In Sta. Cruz, Zambales, some 20 hectares of farmlands in Barangay Lomboy were entirely covered in red mud from nickel mining operations at the height of Typhoon Labuyo in August 2013. Residents also reported that 30 more farm lots in other barangays were affected by siltation from mining operations in the mountains. But even during non-typhoon season, the rice fields are regularly covered with a layer of red silt. In Barangay Bolitoc, around 10 hectares of farms, fishponds and saltponds were converted into a stockpile of the mining companies.
Some 500 hectares of land planted with citrus trees in Barangay Didipio, Kasibu in Nueva Vizcaya were destroyed as Australian mining giant OceanaGold Philippines built its open pit gold mine. Farms suffer from lack of water for irrigation. More than 30 hectares of farmland are affected by the declining water level of the Surong-Camgat river system while around five hectares have totally dried up. Harvest has also gone down.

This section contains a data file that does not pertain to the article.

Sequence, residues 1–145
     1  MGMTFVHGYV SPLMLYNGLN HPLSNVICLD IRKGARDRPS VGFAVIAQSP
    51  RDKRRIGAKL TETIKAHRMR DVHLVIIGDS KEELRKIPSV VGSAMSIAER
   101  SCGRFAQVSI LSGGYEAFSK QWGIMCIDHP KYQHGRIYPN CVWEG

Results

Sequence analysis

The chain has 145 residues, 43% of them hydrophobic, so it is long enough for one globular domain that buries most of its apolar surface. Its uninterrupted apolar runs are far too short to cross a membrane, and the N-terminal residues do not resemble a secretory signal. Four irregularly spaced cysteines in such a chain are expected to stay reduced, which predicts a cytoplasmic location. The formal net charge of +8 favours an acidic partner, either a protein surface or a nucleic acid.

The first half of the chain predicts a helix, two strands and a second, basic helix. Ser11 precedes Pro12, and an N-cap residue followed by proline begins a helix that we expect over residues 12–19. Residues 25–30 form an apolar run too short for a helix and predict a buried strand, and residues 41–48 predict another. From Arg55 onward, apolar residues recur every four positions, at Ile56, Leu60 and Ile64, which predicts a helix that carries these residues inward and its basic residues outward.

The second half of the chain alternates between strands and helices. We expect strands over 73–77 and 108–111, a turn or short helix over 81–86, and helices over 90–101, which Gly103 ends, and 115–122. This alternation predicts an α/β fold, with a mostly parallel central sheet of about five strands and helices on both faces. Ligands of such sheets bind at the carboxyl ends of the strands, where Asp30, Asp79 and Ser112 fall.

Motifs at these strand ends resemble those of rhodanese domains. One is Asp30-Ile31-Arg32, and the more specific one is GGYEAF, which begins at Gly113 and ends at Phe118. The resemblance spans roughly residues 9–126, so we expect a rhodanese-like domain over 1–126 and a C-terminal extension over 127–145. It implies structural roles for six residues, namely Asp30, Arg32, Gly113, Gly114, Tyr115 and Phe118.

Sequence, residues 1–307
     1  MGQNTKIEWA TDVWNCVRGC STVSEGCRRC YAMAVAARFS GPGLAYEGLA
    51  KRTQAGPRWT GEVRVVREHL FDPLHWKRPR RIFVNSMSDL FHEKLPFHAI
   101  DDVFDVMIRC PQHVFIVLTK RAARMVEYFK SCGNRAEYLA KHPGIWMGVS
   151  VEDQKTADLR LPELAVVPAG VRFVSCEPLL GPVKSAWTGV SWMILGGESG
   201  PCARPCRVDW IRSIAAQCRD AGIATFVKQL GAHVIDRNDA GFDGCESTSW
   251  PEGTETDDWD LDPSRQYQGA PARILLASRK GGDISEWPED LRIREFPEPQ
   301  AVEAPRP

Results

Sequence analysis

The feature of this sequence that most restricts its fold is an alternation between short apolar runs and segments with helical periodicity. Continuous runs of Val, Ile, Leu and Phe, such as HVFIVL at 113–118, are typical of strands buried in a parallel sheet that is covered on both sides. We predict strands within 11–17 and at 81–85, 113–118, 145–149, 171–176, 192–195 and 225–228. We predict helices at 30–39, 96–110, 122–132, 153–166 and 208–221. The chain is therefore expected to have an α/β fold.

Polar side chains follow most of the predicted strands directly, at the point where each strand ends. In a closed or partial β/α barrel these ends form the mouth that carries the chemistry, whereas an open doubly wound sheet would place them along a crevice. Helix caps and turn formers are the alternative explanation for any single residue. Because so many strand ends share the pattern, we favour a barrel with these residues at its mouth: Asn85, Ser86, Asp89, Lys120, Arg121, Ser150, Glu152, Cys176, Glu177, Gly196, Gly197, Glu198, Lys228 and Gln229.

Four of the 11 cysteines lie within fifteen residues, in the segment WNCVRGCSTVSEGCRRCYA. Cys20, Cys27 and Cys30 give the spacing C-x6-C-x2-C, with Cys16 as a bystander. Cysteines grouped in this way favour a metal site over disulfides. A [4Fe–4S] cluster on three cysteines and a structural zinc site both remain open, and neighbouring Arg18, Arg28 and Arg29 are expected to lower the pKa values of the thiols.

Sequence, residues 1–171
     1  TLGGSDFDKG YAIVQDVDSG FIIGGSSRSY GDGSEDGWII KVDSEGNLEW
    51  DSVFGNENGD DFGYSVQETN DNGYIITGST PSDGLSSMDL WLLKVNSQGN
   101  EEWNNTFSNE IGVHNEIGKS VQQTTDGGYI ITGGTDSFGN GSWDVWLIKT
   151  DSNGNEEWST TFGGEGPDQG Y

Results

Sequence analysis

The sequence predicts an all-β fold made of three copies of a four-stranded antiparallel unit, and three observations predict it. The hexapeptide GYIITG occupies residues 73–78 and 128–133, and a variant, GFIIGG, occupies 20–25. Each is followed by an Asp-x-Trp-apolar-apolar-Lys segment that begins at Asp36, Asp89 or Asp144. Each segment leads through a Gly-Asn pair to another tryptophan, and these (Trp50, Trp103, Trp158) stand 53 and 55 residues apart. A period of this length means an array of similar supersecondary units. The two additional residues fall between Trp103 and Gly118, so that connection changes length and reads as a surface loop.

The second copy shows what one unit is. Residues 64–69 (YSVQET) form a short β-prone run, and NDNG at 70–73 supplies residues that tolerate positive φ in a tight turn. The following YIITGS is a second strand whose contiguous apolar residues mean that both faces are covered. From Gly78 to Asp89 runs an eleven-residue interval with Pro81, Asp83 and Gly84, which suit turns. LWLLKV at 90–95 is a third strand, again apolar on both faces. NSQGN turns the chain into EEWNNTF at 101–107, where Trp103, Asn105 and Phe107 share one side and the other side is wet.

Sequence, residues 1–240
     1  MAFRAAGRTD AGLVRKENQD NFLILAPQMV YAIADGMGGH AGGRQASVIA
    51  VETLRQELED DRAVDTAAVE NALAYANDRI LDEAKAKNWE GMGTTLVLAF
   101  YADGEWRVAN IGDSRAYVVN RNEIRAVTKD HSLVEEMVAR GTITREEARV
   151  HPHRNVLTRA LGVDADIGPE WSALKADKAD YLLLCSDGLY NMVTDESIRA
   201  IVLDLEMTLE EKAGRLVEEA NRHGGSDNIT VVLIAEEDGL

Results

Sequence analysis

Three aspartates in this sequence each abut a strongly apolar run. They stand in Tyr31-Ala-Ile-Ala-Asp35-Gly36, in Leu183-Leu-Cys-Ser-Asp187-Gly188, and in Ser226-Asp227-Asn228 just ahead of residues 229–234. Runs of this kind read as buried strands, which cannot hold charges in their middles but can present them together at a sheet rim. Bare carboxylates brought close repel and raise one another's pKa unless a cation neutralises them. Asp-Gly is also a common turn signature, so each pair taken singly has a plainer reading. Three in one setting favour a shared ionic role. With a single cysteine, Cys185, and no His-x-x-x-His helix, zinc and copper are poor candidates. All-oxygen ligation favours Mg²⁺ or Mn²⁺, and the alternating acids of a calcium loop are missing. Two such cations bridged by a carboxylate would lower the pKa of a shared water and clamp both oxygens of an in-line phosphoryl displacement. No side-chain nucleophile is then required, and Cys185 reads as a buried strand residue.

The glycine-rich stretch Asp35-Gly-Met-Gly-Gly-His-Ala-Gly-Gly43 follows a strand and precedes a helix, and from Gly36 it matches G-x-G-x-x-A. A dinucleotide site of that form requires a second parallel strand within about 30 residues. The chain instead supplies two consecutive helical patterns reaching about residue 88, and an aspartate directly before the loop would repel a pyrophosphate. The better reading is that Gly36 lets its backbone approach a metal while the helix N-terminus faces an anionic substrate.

In Barangay Pongon in Macarthur, Leyte, Chinese firm Nicua Corporation mined some 70 hectares previously planted to rice, aside from another nine hectares in two other villages. Due to the loss of the nutrient-rich topsoil, waterlogging, as well as oil and fuel spills on the rice farms, affected crops did not grow well in the areas near the mining sites.
Aside from destroying farmlands, mining firms also denude forests to make way for their operations. In Sta. Cruz, for instance, the mountains are now bare from the timber cutting of mining companies. Bamboo thickets, a source of bamboo shoots sold for additional income or used for food, are covered in reddish mud. In Didipio as well as Sta. Cruz, mining companies are prohibiting the locals from gathering firewood, food, medicines, and other forest-based products from the forests within their concession areas.